thanks beta, yes... Galleri Silver Screen is a definite yes as dissertation material ;)

      citizen: yes...Paul Groth is right now one of my adviors, even though we don't really pick an advisor until the end of this first year. I don't know if you are teaching an undergrad lecture or what, but here is one little article that i always like to refer to: Foster, David R. “Conservation Lessons & Challenges from Ecological History” in Forest History Today, Fall 2000. Pp.2-11. A really good presentation of the conflicts of trying to define what a cultural landscape is. You can certainly check my del.icio.us bookmarks. let me know if you have any. thanks...

      will gallowaywill galloway
      Sep 3, 06 10:32 pm

      interesting.

      my own research is as fuzzily defined as yours...which is as it should be.

      but damn it is hard to figure out how to conduct research as an architect/urbanist when the work borders on sociology, and we have been taught to distrust anything of the sort. my only refuge is advice from urban geographers...who luckily are very intelligent folks...so it looks like you are in the right company.

      i have the same problem as you citizen, though it is as much from my professor as the architects around me. what i am studying looks pretty crappy in photographs but as a morphological phenomenon is really fantastic and unusual. architects (including me) have a hard time seeing past the surface to th processes underneath. it means i have to work that much harder explaining things in a graphically nice way...;-) which is i suppose a good thing.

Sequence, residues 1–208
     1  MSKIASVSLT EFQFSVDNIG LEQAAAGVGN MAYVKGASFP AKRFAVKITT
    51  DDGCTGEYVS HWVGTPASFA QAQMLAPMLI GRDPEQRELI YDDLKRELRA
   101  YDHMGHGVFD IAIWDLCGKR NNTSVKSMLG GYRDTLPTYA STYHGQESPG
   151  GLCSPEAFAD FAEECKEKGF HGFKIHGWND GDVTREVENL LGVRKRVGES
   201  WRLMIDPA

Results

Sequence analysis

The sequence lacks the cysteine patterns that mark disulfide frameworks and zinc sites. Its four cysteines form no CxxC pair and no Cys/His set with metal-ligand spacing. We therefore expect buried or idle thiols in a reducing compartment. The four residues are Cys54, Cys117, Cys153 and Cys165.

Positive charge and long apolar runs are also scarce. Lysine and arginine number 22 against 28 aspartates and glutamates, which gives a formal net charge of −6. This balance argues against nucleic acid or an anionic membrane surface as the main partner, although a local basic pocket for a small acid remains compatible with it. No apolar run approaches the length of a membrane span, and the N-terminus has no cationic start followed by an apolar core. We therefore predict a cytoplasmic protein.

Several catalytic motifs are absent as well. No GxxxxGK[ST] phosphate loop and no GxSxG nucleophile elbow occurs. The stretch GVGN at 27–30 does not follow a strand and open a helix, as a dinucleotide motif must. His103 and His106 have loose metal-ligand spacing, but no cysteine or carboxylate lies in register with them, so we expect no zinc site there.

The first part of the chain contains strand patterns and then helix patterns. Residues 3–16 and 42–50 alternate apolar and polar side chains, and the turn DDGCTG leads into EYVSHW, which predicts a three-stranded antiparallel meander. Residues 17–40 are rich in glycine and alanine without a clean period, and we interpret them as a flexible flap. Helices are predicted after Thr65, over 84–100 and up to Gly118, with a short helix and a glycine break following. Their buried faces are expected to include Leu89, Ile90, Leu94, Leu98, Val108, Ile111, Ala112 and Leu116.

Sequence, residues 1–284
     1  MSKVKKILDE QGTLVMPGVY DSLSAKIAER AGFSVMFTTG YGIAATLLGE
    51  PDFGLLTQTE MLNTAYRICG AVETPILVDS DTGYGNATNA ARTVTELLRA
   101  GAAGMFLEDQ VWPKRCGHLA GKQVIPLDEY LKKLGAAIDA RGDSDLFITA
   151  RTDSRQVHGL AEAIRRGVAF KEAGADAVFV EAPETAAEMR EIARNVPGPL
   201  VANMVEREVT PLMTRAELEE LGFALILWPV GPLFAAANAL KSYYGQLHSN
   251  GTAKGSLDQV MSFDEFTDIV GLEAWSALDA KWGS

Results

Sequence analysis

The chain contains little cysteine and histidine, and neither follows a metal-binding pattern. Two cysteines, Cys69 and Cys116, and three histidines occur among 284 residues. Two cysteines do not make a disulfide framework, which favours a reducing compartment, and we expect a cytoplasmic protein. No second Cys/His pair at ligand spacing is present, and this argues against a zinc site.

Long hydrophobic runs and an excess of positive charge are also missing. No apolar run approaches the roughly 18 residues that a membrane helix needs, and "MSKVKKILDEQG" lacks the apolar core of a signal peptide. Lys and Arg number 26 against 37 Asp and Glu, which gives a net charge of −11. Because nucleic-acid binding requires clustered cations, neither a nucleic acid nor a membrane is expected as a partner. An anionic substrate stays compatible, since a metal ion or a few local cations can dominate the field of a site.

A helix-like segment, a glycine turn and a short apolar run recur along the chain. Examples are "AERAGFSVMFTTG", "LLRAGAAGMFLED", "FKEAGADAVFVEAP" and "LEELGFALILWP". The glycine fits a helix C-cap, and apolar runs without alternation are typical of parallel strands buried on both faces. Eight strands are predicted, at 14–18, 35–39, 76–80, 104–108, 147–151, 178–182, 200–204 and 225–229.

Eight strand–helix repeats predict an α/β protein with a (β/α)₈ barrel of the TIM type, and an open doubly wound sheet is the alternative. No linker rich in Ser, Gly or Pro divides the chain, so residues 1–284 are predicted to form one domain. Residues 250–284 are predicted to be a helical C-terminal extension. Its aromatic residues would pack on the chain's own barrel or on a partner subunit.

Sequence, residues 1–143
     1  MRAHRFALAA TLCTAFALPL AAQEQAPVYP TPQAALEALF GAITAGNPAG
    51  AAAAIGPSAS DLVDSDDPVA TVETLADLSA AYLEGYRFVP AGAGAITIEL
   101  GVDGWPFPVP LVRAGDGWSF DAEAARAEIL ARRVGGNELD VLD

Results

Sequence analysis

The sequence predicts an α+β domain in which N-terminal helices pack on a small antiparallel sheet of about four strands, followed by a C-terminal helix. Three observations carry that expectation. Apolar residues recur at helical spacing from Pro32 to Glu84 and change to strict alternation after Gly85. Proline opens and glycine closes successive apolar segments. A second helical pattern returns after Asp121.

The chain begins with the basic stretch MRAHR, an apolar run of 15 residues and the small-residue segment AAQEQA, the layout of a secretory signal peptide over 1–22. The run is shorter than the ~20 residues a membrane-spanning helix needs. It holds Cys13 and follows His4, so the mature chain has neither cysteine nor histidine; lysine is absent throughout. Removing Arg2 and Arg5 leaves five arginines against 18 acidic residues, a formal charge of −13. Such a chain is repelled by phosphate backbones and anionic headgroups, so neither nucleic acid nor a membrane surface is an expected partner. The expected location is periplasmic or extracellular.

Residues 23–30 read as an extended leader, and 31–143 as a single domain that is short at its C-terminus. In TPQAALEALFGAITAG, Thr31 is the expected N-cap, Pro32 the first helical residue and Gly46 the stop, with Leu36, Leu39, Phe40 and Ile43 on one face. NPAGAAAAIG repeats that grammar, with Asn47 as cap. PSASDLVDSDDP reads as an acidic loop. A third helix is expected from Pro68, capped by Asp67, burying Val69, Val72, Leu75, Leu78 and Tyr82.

luck javier!

      joe
      Sep 4, 06 12:19 am

      all this talk make me want to do a post-grad or Phd even more. damnit...

      my interests are broadly parallel to all of you guys, although I'm just entertaining myself with work right now. I need to do something to keep my head in the right mindset... anyway I'm looking forward to reading your blog Javier.

      Smokety Mc Smoke Smoke
      Sep 4, 06 11:05 am

      On my next school blog, I will post a picture of my work space at the A+A building, which is shamefully messy and clutttered with coffee cups and junk food wrappers.

      WonderK
      Sep 4, 06 7:10 pm

      Javier, I am completely fascinated. Reading just the first entry of your blog makes me feel smarter already! Looking forward to more.

      liberty bell
      Sep 4, 06 9:32 pm